Fort St. John's new festival plaza opened to the public Saturday with the first farmers market of the season.
The new plaza facility is large and spacious, full of natural light, and has vendors stationed both inside and out.
The market is open until 3 p.m. Masks are required and visitors are asked to practice social distancing and good sanitization practices.
The plaza, at the corner of 100 Street and 96 Avenue, includes an all-season building for events and markets, an outdoor performance space, stalls for food vendors, public washrooms, and artistic obelisks for heating and lighting. Kalmar Construction built the plaza, as part of a $3.27-million tender awarded last year.
Patrons checking out the plaza for the first time were really impressed, and are excited about the possibilities it presents to both the farmer's market and other events.
"It's awesome, a lot better to have it here than at the senior's hall. It's much better for the farmers, and I can't wait to see (the plaza) with the doors open," said Robyn Flynn.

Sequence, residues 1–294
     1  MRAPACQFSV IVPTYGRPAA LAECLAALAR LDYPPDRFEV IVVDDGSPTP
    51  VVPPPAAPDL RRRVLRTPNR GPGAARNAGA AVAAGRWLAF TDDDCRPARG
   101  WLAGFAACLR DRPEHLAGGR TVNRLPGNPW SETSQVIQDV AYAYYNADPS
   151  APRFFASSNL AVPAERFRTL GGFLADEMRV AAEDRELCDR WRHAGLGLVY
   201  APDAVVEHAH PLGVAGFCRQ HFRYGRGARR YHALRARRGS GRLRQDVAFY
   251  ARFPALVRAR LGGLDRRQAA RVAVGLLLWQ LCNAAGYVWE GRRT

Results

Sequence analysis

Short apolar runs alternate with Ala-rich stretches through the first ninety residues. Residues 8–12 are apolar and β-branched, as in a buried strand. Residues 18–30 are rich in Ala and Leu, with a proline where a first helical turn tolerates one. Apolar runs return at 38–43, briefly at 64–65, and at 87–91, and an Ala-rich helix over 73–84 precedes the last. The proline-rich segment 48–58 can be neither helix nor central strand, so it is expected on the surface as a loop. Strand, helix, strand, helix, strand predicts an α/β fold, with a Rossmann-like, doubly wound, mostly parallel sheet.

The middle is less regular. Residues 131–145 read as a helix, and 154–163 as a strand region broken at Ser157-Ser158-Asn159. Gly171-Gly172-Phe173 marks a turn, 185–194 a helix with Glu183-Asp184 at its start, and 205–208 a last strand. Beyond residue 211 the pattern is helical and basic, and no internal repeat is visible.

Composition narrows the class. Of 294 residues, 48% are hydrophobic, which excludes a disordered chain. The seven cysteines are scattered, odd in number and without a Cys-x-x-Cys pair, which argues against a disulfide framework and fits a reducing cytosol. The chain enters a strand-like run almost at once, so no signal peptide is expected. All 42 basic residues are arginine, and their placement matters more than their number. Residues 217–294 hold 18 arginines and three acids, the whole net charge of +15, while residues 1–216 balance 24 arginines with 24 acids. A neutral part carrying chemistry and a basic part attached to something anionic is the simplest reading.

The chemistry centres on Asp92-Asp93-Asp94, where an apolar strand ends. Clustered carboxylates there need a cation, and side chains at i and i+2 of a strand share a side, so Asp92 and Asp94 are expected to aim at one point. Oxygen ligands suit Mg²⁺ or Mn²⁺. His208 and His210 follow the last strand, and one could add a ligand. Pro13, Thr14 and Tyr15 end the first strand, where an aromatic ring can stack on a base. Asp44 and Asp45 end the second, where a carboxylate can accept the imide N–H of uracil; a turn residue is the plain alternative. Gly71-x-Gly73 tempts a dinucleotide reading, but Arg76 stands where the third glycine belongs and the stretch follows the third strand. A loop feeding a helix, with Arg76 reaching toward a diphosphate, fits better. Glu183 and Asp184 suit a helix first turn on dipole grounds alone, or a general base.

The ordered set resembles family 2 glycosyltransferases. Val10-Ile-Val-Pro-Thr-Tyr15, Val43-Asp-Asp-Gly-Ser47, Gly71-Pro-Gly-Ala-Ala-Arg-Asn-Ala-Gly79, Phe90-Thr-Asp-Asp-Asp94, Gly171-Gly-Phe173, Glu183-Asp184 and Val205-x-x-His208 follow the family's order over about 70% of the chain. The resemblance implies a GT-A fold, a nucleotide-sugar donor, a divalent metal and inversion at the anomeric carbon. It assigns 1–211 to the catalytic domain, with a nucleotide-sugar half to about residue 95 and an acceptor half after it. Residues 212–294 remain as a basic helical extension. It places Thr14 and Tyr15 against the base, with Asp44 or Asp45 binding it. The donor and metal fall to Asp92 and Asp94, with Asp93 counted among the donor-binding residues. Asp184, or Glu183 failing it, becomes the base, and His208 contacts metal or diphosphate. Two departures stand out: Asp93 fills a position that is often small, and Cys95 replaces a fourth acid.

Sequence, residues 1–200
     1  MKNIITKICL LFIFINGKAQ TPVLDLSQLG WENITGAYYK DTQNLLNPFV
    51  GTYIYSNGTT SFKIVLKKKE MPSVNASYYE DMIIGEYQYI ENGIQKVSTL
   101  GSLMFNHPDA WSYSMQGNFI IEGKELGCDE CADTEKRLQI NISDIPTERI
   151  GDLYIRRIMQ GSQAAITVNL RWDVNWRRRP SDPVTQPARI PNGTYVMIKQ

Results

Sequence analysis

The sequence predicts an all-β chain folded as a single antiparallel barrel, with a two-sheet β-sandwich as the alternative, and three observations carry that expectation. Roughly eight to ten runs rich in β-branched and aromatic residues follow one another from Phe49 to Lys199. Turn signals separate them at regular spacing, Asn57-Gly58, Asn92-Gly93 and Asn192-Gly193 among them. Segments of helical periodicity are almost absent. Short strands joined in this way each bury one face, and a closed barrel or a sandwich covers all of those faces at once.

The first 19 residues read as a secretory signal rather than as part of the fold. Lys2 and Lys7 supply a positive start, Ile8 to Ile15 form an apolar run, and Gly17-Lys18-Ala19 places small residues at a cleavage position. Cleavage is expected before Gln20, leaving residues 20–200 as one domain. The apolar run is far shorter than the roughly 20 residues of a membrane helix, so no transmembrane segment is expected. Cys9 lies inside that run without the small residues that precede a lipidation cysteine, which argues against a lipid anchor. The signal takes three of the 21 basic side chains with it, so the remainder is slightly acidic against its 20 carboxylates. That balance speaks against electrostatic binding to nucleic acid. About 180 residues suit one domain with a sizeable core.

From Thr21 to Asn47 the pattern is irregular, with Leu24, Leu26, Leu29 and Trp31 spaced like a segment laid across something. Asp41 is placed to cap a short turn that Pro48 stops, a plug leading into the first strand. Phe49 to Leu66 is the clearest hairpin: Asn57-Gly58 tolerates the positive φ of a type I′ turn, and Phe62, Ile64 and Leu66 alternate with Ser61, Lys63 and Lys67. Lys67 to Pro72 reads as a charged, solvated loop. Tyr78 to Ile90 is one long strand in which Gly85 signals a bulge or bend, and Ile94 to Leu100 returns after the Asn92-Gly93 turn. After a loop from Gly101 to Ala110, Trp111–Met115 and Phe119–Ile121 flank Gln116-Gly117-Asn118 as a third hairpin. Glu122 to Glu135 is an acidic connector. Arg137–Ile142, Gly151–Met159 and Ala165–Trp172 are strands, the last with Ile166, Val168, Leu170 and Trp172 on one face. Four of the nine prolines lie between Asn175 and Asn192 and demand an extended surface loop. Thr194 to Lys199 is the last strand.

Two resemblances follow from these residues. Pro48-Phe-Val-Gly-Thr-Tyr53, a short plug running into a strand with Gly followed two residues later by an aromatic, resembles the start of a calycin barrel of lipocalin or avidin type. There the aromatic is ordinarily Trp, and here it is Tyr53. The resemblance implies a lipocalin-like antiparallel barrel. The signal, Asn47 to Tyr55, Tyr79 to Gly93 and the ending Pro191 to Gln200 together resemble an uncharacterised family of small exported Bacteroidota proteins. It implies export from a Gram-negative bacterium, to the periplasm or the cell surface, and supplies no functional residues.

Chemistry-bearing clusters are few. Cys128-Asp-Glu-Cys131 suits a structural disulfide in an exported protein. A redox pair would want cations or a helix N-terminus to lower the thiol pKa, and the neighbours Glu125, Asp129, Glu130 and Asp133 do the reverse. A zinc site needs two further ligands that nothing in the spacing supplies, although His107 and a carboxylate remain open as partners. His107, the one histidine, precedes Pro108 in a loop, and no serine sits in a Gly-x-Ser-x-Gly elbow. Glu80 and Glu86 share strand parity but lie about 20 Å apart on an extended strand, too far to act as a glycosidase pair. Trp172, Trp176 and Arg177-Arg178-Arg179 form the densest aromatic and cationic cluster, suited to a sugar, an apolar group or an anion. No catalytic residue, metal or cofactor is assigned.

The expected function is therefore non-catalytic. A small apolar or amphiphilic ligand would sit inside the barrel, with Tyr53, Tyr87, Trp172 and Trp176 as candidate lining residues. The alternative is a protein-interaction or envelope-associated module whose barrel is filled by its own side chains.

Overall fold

Jane Sheldon said, "It's really great. We're so happy to see some people back after such a long time."
Last year, local artists were invited to submit concepts to adorn the fire obelisks installed around the plaza performance space. Each obelisk features gas-fueled cauldron within an enclosed steel structure to illuminate the imagery and provide heat to spectators.
April Beard said she likes the new plaza and can't wait to see what it looks like when the obelisks are lit up, as her daughters enjoyed running around the performance space.
Vendors were glad to finally hold an event at the new plaza.
"We're really lucky to have a facility like this in Fort St. John," said vendor Michelle Schaeffer.
Farmer's market president Bess Legault was busy in the morning making sure everyone — vendors and patrons — were set up, had what they needed, and were enjoying themselves.
"So far, so good. Everyone seems to be having a great time," said Legault.
The plaza also features eight leaning wood poles mimicking the skeleton structure of a teepee, artistic paving patterns with a variety of coloured concrete surfaces, including a coloured river that mimics the alignment of the Peace River, and bronze paw prints to replicate true gaits and spacing of wildlife.